The recent boom in warehouse take-up in response to unprecedented levels of online shopping has been well documented over the past 16 months. 

Claire Williams

Claire Williams

However, as the ecommerce penetration now begins to level, with non-essential retail fully open, many developers and landlords are looking to identify the next megatrend that will contribute towards the rush to occupy space.

One industry that has largely flown under the radar is controlled environment agriculture – more commonly known as vertical farming.

The global pandemic has highlighted several issues around supply chain security. Last summer, concerns over possible shortages led to panic buying, while a lack of seasonal workers threatened the UK harvest of fruit and vegetable produce. Earlier this year, global food supply chains were disrupted by the Suez Canal blockage.

The UK relies heavily on international imports. Many fruit and vegetable suppliers have repeatedly warned that the UK is not ready for a post-Brexit import checks system, which comes into effect in January 2022. The potential border delays could result in significant fruit and vegetable shortages in the coming spring.

Additionally, it is estimated that the UK has a shortage of 100,000 truck drivers, and food companies are struggling to meet demand and keep supermarket shelves stocked.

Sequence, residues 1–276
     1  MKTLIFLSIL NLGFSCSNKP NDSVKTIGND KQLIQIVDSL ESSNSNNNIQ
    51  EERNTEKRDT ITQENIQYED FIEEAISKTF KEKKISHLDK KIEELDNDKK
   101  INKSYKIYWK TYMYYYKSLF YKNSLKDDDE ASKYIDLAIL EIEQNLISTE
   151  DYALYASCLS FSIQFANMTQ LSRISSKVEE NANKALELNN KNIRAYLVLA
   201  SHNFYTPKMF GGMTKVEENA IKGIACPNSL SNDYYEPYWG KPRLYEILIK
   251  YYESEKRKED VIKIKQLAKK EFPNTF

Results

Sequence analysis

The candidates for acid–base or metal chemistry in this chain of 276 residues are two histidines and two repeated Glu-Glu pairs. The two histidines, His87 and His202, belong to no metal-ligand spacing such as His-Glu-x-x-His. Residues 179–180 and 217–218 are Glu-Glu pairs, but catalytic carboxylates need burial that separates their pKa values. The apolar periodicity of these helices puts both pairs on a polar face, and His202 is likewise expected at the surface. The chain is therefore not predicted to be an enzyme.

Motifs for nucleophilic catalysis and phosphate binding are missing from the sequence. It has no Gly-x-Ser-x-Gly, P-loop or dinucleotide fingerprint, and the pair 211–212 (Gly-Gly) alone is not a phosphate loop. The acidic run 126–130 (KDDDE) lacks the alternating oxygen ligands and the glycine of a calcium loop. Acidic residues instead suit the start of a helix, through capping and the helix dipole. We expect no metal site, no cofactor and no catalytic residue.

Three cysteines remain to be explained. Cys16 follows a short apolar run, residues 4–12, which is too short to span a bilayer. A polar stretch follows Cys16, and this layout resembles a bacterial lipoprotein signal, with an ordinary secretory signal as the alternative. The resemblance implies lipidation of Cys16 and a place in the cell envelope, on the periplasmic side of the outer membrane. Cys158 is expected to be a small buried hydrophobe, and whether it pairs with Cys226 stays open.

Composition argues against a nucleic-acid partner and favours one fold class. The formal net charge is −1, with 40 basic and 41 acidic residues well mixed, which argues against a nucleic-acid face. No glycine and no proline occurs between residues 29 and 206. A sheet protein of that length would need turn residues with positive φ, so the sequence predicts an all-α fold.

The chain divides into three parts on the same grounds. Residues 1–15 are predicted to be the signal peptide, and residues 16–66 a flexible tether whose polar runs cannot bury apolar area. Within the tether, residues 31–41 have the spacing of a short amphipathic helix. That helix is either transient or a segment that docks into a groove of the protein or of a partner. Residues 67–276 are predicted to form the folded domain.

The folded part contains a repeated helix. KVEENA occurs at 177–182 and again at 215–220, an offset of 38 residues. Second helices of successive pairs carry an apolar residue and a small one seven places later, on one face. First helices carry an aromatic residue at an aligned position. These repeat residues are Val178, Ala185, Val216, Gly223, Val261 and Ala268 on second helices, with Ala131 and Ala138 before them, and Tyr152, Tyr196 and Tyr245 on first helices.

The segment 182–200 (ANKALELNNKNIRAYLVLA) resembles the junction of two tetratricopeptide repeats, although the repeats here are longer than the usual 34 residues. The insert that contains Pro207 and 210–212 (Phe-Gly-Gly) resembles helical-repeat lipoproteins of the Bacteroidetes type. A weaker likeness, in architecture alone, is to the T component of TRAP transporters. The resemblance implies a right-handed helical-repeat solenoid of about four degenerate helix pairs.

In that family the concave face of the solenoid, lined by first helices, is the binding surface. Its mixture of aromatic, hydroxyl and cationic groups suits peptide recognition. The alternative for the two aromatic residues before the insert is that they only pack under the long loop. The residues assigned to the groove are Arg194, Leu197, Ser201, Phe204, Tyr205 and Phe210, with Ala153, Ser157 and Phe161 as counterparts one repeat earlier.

Vertical farming

Source: Shutterstock / YEINISM

This is where vertical farming comes in. Vertical farming grows plants indoors in stacked layers in a factory-style environment, without the typical natural resources associated with plant production such as soil and sunlight.

It can be located close to the end consumer in urban logistics spaces, which simplifies the distribution chain, reducing transportation costs and lowering the risk of disruption. Most vertical farming systems are also highly automated, reducing labour requirements.

With extreme weather events posing a significant risk to food production, vertical farming systems offer a solution for greater future food security as urban populations continue to grow. Crop yields are typically much higher than with traditional farming methods, as they are grown in three dimensions and can be grown all year round. For context, one acre of vertical farming can provide the produce equivalent of 10 to 20 acres of conventional production.

One of Europe’s largest vertical farming facilities is being built in Bedford, where InFarm has agreed to lease a 100,000 sq ft unit in Total Park to create a facility that will generate crops equivalent to 36ha of farmland.

The benefits and market drivers are clear. It is now a matter of scaling up production by building bigger facilities to reap economies of scale, reducing waste and increasing automation.

Claire Williams is industrial research lead at Knight Frank